Chrysanthemum is a genus of perennial flowering plants. They are native to Asia and the Middle East, where they are found in many hundreds of varieties, with nearly 10,000 total known species. Chrysanthemums have very showy flowers which come in all shades of yellow, white, pink, brown, and even blackish purple. However, the most famous chrysanthemum varieties are those with an outer layer of small petaloid rays surrounding a center or disk composed of larger flower-like petals (largely yellow in wild species but other colors in cultivated forms).
Chrysanthemum grows from 20–150 cm tall and as an herbaceous perennial plant or an annual plant. Chrysanthemum requires long days for good vegetative growth and short days for flowering. The species of Chrysanthemum have fibrous root system (shallow rooted plant), herbaceous perennial plant growing to 50-150 cm tall, with deeply lobed leaves and large flower heads, white, yellow, or pink.
Flowering occurs in mid to late summer. Numerous cultivars have been selected and named for particular characteristics of the flower heads. Popular selections with extensively double flowers are known as "Gin-ryu" (Silver Dragon). Other varieties include a smaller, less formal decorative plant suitable as a single specimen in a garden bed or border, or as a low hedge.
Many species are used in Japan, Korea, China, and India in the form of decorative flower arrangements for traditional festivals, weddings, funerals, etc. They are also highly valued in artworks depicting landscapes of these countries with many paintings using chrysanthemum petal juice (puree) as the main brush color. Local varieties are used in flower-arranging competitions.
The number of cultivars is so large that the flower has been called 'the flower of 30,000 flowers'. It is also considered a national floral emblem of South Korea and North Korea. It is the official state flower for November in the U.S. state of New Hampshire. The flower has been chosen as the national flower by the governments of Burma, the Philippines, and Vietnam.
Some species are grown as ornamental plants for their flowers, notably the hardy hydrangea chrysanthemum (C. cinerariifolium); others are grown for food or medicine, including edible chrysanthemum leaves ("suk-hi-soh" in Korea).
The flower is called gyeol-hwa (결화) in Korea. It is used in traditional Korean herb teas, rice cakes, tea snacks, salads, and wraps. The petals are stir-fried with egg and rice cake or meat on the grill. The flowers are also made into jelly, ice cream, or sweetened tea.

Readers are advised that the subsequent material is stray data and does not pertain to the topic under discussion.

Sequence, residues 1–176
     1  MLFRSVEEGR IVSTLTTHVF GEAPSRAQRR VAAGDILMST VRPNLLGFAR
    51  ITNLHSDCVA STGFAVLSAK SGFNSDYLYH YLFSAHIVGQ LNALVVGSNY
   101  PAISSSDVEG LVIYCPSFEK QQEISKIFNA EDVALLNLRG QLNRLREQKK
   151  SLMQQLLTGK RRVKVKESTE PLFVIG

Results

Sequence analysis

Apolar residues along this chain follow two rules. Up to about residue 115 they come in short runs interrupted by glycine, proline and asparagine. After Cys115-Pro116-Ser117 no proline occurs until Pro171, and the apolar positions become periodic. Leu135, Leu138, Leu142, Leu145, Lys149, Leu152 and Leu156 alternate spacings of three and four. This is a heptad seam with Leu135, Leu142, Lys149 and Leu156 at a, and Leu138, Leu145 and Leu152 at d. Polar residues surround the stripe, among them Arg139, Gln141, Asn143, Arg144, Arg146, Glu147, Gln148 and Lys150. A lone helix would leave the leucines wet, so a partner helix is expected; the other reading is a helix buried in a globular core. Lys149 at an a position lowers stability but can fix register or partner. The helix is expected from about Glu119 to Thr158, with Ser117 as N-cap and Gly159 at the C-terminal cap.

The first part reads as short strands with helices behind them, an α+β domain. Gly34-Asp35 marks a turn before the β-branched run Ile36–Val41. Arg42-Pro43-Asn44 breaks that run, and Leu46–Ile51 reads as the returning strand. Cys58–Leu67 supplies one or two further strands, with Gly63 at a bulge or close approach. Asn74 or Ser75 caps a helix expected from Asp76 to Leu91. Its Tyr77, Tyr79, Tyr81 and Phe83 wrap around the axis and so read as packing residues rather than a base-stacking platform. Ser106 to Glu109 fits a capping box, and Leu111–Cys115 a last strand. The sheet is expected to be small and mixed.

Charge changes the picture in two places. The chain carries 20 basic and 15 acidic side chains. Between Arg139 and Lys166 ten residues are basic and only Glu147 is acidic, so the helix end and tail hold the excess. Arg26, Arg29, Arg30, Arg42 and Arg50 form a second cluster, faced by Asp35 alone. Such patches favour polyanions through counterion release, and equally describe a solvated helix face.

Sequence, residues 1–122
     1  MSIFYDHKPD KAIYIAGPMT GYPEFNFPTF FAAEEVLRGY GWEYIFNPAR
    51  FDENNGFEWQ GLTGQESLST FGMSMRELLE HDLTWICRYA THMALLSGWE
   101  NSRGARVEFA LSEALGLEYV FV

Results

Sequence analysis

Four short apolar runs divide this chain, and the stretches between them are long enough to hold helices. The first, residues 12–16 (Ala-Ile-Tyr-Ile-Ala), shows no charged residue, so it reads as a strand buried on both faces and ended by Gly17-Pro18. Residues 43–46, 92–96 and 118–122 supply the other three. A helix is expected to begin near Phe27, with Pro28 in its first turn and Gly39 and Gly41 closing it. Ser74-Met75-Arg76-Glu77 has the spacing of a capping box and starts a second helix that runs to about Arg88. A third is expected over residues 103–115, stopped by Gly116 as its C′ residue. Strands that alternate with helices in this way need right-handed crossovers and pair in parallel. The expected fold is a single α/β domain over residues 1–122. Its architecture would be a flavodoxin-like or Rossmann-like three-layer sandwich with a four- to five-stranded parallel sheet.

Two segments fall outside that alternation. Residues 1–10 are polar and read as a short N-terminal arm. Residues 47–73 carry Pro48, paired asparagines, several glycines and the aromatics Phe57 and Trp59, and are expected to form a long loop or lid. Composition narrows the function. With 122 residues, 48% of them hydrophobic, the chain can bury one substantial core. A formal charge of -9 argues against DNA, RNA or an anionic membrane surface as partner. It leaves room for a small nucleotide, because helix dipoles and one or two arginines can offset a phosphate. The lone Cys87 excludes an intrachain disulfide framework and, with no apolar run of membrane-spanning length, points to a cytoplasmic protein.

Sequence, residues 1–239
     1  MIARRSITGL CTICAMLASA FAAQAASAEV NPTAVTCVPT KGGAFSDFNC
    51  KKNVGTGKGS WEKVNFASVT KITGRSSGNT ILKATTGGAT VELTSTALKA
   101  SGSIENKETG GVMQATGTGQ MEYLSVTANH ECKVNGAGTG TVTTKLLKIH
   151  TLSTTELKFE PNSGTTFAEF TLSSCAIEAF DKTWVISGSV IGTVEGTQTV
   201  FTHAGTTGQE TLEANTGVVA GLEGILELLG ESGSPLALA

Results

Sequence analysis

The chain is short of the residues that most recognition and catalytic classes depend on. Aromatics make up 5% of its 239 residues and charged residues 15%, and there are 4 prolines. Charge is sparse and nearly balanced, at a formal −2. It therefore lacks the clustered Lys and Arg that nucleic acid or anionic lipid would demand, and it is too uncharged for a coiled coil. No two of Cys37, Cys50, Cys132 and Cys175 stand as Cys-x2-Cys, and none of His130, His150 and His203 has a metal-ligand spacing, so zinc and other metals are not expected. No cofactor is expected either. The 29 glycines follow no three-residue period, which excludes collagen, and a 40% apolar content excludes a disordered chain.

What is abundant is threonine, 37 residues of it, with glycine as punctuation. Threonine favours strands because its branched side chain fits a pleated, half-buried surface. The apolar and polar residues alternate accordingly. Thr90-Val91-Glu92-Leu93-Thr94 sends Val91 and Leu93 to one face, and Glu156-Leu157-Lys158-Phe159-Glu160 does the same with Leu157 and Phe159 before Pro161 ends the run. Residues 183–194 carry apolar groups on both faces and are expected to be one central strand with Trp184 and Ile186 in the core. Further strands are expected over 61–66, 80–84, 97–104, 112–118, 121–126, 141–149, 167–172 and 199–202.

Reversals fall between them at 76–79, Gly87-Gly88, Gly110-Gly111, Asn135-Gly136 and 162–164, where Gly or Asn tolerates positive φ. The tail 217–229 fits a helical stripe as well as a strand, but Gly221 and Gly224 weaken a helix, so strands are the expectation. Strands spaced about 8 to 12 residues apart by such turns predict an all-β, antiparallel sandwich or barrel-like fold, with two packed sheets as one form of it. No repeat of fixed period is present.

Global chrysanthemum production
According to the United Nations Food and Agriculture Organization (FAO), chrysanthemum production totaled 3.2 million tonnes in 2013, with China accounting for over 80% of the total. Other top producers include South Korea, Japan, India, and Bangladesh. Overall, Asia accounts for more than 90% of global chrysanthemum production.
Chrysanthemum production has seen significant growth in recent years, rising from 2.7 million tonnes in 2009 to 3.2 million tonnes in 2013. The majority of this growth has been driven by China, which has seen its production increase from 2.1 million tonnes in 2009 to 2.6 million tonnes in 2013.
Looking ahead, the FAO projects that global chrysanthemum production will continue to grow, reaching 3.6 million tonnes by 2018. This growth is expected to be driven by continued expansion in China, as well as increases in other Asian countries such as India and Bangladesh.
The chrysanthemum is a popular flower around the world, with its showy blooms making it a popular choice for both ornamental and cut flower purposes. The flower is native to Asia and has been cultivated in China for over 2,000 years. Today, chrysanthemums are grown in many parts of the world, ith China, Japan, and South Korea being the top producers.
The chrysanthemum is a symbol of power and nobility in Chinese culture, and is often used in traditional medicine. In addition, the flowers are used in a variety of dishes, including soups and stews.